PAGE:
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NY's New Gun Safety Law Survives a Legal Challenge

Albany (WALK) - Does the 2nd amendment right to bear arms mean that any U.S. citizen can own a gun whenever, wherever, and for whatever reason?

A state judge says no, and has rejected a lawsuit that against Governor Cuomo's 2013 SAFE Act gun safety law, passed in the aftermath of the Connecticut School Massacre.

State Supreme Court Judge Thomas McNamara ruled that the plaintiffs, a group led by constitutional activist Robert Schultz, failed to demonstrate how the SAFE act infringes on their rights. He also said that the 2nd amendment right to bear arms is not "absolute" and that governments are within their rights to enact "reasonable" restrictions.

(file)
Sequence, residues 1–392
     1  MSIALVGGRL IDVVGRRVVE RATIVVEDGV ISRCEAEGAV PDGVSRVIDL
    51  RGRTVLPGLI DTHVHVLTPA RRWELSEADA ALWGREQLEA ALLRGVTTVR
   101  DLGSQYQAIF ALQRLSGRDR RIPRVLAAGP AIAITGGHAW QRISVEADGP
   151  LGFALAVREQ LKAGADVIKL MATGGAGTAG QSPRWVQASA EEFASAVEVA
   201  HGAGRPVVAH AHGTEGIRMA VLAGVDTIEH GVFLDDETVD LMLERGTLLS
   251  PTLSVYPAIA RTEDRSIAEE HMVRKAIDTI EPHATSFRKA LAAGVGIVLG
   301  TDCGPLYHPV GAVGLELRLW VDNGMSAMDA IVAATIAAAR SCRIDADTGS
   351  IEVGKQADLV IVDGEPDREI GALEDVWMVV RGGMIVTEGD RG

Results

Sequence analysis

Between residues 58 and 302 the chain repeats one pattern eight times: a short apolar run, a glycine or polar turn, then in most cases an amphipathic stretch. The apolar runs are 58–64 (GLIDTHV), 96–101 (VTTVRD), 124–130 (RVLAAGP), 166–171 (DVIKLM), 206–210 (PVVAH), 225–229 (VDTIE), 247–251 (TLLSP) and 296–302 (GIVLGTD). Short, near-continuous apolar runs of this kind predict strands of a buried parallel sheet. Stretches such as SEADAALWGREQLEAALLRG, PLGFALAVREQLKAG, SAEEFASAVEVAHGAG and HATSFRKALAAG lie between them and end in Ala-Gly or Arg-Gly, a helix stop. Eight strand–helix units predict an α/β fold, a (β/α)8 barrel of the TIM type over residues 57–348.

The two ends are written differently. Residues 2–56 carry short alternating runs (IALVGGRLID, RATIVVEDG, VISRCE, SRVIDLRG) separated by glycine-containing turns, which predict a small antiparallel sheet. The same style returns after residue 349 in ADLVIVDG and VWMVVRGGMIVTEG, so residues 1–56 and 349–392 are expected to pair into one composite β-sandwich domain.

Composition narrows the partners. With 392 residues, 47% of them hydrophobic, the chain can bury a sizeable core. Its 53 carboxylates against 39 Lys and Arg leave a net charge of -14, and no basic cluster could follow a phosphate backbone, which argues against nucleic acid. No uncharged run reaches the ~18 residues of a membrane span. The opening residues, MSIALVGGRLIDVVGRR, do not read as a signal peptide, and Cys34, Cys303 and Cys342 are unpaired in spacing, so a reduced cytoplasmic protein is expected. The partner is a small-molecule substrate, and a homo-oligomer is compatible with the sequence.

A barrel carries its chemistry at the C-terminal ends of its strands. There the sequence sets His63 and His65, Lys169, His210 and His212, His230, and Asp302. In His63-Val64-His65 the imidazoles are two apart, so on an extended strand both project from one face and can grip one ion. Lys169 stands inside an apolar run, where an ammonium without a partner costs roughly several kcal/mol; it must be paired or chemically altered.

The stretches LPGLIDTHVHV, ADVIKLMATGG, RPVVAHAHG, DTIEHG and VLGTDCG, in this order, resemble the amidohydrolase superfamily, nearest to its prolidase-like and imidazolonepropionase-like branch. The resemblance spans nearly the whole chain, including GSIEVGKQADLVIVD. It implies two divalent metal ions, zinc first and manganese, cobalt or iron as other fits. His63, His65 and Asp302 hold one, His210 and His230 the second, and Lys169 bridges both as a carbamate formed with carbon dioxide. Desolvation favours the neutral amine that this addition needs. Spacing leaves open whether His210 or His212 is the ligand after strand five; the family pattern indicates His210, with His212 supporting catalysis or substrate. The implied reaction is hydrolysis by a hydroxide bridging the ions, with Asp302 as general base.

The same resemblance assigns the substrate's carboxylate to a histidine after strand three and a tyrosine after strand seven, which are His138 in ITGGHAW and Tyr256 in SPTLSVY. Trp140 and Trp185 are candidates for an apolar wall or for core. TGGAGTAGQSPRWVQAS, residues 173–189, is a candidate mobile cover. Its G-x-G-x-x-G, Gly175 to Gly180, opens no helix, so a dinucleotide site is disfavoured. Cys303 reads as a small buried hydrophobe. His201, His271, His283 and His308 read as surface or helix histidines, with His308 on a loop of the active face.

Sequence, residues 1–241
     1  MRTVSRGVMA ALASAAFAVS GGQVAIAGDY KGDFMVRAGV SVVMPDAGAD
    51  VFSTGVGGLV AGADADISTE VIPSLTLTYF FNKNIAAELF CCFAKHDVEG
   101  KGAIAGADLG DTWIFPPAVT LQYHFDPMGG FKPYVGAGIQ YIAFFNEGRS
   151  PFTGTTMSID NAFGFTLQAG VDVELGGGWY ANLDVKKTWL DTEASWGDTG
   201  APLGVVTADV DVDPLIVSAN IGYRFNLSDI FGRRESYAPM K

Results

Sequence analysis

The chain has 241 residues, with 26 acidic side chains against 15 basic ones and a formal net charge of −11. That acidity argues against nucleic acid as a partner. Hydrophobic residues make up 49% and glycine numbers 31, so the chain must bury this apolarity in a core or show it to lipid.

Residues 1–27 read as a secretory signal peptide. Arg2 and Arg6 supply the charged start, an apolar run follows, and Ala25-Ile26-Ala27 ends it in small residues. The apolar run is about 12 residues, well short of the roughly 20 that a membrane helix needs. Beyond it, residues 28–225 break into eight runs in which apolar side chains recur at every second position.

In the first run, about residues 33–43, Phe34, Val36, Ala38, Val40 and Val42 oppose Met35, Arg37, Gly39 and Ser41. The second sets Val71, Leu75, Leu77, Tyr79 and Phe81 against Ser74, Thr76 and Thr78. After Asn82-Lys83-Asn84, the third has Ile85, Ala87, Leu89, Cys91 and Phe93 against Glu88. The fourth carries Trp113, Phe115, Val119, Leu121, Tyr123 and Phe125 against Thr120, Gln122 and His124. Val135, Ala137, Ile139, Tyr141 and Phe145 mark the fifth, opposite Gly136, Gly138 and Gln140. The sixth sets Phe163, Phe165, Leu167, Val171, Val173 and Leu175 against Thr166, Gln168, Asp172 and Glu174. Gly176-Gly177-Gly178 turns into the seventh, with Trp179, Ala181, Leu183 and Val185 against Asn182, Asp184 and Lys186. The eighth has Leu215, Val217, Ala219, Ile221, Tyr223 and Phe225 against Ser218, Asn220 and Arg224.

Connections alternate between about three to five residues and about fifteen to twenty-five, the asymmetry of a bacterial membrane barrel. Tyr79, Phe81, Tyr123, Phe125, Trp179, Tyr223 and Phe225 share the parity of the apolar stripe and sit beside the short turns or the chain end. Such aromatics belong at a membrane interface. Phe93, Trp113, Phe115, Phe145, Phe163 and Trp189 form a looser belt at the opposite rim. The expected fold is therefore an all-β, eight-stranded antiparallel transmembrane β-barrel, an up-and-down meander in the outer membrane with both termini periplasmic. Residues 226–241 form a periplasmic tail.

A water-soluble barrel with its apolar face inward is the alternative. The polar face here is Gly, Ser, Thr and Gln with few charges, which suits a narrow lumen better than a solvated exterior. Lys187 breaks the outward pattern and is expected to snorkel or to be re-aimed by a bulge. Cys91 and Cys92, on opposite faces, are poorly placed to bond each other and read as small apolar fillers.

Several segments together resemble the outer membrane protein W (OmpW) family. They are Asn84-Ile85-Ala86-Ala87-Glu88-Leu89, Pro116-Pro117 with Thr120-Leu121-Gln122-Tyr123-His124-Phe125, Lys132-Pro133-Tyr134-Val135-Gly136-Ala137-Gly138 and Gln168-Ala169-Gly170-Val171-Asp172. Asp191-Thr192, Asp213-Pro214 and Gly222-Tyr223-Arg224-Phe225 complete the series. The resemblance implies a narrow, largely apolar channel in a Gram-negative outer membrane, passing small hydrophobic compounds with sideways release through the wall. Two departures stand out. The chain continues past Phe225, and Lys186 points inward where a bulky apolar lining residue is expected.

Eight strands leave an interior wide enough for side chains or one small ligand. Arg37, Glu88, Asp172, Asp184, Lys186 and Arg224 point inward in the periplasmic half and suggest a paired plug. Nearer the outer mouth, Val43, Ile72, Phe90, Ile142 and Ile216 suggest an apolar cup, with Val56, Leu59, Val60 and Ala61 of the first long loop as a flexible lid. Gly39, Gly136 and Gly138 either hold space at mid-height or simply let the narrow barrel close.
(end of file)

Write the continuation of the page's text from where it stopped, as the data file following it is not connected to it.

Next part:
The decision also rejects claims that the gun law was improperly pushed through the legislature by Governor Cuomo. Schultz had argued that Cuomo overstepped his authority in January of 2013 by issuing a so-called message of necessity that allowed the Legislature to vote on the bill before it had aged three days.

Schultz has said that he will appeal the ruling to the Court of Appeals, New York's highest court.

 

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